Russia's internet ranks among the world's most reliable

It is this large number of cross-border flows that the Russian government is worried about.

It is this large number of cross-border flows that the Russian government is worried about.

Alamy/Legion Media
Russia was ranked third worldwide in terms of reliability of its national internet. Only the U.K. and U.S. were ranked higher. One of the main features of the Russian segment of the internet, known as RuNet, is its extensive infrastructure. There are more than 1,000 network operators in Russia, with dozens connected to international networks. Experts say, however, that a proposal currently under discussion to transfer control of cross-border data transmission to the state could have negative consequences.

RuNet ranked third place in terms of reliability among national internet networks globally, says a recent study by the Russian company Qrator Labs, which specializes in countering distributed denial-of-service (DDoS) attacks. The company made a map of the prefixes used by network operators and distributed them according to the Internet's national segments. Then, the degree of impact of failure on a particular national segment was calculated.

Rostelecom is the operator on which RuNet is most dependent. The company s failure would shutdown about 5.5 percent of the networks in RuNet. The U.K. is the leader in national network sustainability. For example, in the event of communication problems at Virgin Media, only 3.4 percent of local networks would be unavailable. The U.S. came in second place; problems at its largest operator would lead to the shutdown of five percent of local networks.

“The greater a market's maturity and degree of diversification – in particular, the more that medium-sized operators have access to cross-border transfers – the more reliable the work of the entire national segment,” said Qrator Labs's CEO, Alexander Lyamin, who added that the total technical breakdown of an operator is rare, but such cases occur.

“Three years ago, one of Russia's five largest operators was completely down for 17 minutes because of DDoS attacks against its equipment,” Lyamin said. “Fortunately, it happened at night.”

According to TMT Consulting's CEO, Konstantin Ankilov, there are more than 1,000 active operators in Russia.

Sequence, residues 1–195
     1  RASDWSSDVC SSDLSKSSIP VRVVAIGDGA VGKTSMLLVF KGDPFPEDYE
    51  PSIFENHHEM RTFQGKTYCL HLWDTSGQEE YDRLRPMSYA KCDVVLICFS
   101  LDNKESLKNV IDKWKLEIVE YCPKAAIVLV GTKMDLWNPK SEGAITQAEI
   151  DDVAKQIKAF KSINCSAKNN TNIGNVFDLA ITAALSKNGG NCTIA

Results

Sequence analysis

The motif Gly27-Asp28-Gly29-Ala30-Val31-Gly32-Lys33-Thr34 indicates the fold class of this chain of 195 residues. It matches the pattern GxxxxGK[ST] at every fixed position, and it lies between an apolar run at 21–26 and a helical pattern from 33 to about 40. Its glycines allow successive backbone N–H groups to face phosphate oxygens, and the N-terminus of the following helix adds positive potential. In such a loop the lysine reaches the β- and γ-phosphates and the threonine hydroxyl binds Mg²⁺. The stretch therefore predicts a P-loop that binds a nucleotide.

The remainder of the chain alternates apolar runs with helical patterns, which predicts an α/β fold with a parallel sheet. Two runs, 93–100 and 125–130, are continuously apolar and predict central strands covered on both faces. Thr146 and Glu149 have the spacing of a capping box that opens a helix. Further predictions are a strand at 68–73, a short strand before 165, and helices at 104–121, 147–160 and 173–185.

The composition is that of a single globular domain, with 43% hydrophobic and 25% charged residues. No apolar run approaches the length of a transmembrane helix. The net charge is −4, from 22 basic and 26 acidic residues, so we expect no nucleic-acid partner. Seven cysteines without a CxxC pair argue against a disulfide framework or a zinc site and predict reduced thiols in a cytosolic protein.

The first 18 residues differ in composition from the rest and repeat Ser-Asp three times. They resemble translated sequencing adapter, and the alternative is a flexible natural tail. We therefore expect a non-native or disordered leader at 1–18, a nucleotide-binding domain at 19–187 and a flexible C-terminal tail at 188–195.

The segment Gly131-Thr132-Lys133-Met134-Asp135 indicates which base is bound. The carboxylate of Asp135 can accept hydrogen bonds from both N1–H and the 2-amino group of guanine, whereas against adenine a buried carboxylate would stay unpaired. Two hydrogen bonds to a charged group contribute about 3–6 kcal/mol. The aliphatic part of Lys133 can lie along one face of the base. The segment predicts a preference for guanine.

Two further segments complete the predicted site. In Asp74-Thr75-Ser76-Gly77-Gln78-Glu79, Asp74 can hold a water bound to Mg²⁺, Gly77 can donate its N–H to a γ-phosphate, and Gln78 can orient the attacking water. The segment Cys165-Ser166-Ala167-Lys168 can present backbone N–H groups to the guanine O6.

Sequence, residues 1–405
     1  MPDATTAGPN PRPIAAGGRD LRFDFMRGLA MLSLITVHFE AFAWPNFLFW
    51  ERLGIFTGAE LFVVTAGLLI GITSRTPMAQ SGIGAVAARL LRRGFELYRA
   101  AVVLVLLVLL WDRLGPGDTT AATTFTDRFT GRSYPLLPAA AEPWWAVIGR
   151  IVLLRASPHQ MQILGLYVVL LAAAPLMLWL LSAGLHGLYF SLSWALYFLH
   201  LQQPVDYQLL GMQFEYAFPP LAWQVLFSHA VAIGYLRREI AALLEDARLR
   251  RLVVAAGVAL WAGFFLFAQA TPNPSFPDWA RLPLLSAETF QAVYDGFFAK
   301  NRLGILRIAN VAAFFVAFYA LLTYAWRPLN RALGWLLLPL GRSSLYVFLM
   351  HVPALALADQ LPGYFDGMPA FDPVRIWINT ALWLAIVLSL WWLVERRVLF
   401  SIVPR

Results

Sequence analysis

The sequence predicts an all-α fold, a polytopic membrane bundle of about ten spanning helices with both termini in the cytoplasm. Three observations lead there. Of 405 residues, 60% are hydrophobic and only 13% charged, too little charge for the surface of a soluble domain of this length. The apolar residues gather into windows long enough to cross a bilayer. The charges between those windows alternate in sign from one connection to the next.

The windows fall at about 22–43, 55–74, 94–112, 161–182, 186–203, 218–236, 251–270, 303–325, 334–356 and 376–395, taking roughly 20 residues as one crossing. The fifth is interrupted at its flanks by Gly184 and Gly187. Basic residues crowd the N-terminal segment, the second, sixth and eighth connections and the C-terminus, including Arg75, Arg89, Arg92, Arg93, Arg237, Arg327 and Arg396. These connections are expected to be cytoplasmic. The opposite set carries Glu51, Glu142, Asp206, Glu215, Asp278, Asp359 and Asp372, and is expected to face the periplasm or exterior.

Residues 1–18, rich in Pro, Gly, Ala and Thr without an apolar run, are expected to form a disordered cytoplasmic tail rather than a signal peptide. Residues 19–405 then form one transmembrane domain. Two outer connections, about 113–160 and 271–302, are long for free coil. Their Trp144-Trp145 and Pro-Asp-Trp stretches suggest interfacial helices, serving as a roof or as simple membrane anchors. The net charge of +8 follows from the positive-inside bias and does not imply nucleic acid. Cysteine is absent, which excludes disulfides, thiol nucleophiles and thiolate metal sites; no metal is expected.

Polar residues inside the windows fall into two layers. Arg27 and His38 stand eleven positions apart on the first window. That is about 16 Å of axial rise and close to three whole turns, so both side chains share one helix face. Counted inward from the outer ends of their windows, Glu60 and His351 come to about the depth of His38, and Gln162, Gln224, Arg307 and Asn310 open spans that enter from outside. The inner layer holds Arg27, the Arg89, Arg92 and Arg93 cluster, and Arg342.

“When it comes to their own physical channels, few have cross-border flows,” Ankilov said. “These are mainly the major players at the federal level. At the same time in the last few years, the operators lease channels from existing players to the largest European communications data centers. It is affordable even for medium-sized operators.”

This large number of cross-border flows is precisely what worries the Russian government. In April 2014, a presidential working group discussed a number of measures to strengthen control over the RuNet. One proposed measure was to ban the connection of regional and local data networks with foreign ones and that all cross-border traffic be centralized in the hands of major national operators.

The Ministry of Communications is currently discussing amendments to the law, “On Communication,” in order to guarantee RuNet's reliability. These include a paragraph on the need to oblige owners of the autonomous systems that communicate traffic with foreign networks to “install technical means of control of cross-border traffic.”

On their own the new technical features mentioned in the bill do not threaten Runet's sustainability and do not cause damage, said Oleg Demidov, a consultant at the PIR Center think tank.

"Their technical implementation can give the state an effective tool in the struggle against a number of network attacks including DDoS and MITM [man-in-the-middle attack; an operation in which an attacker interferes with communication between two parties]," Demidov said. However, the previously discussed ban on connecting regional networks with foreign ones “could lead to the degradation of connectivity and sustainability at the network topology level,” he added.

First published in Russian in Kommersant.

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